The first frame of Raanjhanaa (2013) shows the protagonist at a hospital in New Delhi. He starts narrating his story and his story takes the audience to his his place and his city: the Assi muhalla in Kashi. The film presents the city very lovingly as it is a part of the protagonist Shankar’s identity. The picturesque is highlighted and in the process an imagined topography is put into place through the process of collage making. It’s not unique, the collage making, to this film. Actually Raanjhanaa is a part of the long tradition of Hindi films that create their own topography on screen.
In the beginning, the little Shankar is shown collecting donation for Raavan Dahan with his gang. They reach Zoya’s house and take a hundred rupees from her father. Children going around for such purpose, and on foot, normally cover their neighbourhood only, otherwise they risk challenging some other person’s hegemony over their area. Shankar had declared very proudly that he belonged to Assi. So Zoya’s house ought to be within the maximum radius of five to seven hundred metres, taking Assi Ghat as the centre of the circle.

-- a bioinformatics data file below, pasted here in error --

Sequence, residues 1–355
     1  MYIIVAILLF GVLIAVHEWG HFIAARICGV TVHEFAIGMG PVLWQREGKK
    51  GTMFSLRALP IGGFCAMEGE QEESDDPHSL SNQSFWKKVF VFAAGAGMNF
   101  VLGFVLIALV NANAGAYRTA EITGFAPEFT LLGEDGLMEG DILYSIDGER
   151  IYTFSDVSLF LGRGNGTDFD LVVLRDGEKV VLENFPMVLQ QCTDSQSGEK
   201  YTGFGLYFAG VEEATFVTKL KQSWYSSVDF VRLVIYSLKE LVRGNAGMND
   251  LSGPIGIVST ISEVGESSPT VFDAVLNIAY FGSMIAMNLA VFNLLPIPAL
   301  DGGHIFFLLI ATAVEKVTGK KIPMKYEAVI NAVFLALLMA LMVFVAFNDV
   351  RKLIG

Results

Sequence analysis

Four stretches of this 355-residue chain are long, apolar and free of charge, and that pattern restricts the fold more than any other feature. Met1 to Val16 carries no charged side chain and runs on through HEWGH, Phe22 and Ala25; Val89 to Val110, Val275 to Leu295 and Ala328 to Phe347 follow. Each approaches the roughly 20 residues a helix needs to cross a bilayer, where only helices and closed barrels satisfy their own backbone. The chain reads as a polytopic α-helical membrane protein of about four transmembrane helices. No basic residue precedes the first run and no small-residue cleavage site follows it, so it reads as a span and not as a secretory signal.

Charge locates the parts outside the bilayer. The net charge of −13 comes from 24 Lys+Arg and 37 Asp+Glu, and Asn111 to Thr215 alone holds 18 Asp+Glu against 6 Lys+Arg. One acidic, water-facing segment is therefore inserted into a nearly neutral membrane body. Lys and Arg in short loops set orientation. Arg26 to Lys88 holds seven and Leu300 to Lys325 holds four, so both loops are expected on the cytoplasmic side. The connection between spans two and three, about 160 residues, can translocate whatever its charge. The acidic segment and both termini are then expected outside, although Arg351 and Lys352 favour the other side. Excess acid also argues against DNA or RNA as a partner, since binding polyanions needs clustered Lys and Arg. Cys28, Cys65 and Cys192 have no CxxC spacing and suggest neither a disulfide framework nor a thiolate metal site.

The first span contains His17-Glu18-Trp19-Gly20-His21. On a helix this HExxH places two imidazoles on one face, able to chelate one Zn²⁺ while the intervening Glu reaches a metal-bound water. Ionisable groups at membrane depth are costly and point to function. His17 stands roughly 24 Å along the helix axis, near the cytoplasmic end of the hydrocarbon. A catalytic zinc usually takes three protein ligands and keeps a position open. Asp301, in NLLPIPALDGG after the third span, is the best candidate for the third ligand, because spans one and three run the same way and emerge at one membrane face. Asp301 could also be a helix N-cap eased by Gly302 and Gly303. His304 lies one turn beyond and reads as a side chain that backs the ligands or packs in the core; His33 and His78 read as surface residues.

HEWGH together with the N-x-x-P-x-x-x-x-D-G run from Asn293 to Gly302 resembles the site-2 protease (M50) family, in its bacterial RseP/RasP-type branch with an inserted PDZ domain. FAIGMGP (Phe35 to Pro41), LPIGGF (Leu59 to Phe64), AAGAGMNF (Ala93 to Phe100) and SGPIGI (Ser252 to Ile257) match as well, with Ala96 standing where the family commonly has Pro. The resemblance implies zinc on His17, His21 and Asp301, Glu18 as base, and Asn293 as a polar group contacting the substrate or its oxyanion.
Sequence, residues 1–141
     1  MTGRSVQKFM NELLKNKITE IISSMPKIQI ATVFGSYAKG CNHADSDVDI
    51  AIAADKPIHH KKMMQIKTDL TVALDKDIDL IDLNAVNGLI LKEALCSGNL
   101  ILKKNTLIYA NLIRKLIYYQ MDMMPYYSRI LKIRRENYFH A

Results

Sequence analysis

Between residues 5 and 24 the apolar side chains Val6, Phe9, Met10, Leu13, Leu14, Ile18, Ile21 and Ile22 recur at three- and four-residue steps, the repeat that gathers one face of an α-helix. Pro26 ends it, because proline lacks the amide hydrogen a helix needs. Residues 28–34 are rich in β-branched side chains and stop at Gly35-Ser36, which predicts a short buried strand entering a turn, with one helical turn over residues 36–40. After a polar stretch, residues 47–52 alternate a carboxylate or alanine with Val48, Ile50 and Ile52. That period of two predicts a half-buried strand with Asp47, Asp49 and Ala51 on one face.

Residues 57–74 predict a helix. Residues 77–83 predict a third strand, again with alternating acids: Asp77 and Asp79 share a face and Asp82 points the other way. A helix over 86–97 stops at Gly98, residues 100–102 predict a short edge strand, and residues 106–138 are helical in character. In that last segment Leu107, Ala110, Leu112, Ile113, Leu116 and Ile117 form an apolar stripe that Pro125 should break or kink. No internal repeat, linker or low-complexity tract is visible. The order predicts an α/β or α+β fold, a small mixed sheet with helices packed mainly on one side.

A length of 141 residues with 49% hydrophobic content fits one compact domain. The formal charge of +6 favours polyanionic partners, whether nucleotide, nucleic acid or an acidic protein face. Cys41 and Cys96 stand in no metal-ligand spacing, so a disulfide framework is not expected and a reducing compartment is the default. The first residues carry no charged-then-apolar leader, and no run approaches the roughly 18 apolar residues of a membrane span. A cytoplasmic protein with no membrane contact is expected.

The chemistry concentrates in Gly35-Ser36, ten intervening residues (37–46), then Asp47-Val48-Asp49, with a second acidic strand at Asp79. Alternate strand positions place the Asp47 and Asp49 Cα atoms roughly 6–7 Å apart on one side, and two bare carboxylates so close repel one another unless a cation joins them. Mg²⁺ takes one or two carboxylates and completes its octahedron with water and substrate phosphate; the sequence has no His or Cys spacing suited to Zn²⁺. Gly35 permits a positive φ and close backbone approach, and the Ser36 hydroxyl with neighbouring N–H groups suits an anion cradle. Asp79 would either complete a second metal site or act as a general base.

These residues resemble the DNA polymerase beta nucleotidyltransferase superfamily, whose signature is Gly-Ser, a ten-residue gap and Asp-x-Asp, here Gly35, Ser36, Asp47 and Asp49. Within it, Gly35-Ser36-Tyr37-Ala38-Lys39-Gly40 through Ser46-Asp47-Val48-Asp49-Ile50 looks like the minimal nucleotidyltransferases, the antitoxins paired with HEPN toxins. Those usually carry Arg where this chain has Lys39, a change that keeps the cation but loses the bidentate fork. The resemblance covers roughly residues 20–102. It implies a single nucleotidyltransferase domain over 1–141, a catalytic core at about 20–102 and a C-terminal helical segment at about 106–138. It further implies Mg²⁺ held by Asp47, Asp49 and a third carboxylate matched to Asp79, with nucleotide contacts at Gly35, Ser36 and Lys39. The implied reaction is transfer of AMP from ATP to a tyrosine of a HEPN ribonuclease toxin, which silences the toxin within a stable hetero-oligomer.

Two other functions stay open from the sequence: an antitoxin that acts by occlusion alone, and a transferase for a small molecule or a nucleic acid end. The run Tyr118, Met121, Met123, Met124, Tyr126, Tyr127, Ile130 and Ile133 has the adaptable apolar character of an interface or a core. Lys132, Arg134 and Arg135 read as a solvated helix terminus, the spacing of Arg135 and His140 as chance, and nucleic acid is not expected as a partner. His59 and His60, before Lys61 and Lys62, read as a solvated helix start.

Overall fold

Zoya and her father are shown flying kites from her roof top. The snap of the scene given above reveals her house’s location. The camera covers and arc of nearly 180 degrees while they fly kites. The arc includes multi-storeyed buildings and the kind of construction that helps us place it somewhere along the street joining Sankatmochan to Banaras Hindu University which is beyond the radius mentioned above.
Shankar is shown at and around Assi ghat regularly with the objective to establish his identity and to fix his locus in the film. So, according to the script of the film, the boy and the girl live at or around Assi. The girl asks the boy, after slapping him fifteen times, to meet her across the river at the King’s Palace in Ram Nagar. The palace is beautiful and provides a wonderful opportunity for the cameraman to linger over the river beyond the palace.
The long shots with the river filling the whole frame appear again and again in the film at important junctures, e.g. the two friends discussing at roof when Bindiya reaches there, and then that scene in which the protagonist is shown lying on the parapet of his roof. In both the scenes mentioned above the frame is beautified by Gangaji behind. The picturesque in Banaras acts like an addiction to those behind the lens – be it a photographer or a cameraman. How can they resist the its charm, even when the cost to be paid is imposing the picturesque upon the plot. The chase sequence (that ends with Shankar’s tearing the shirt of Bindiya’s father on Holi as he had pledged to do that in his childhood) in the galis of Kashi withshots taken from the rooftops captures the roofscape and the galis very well.
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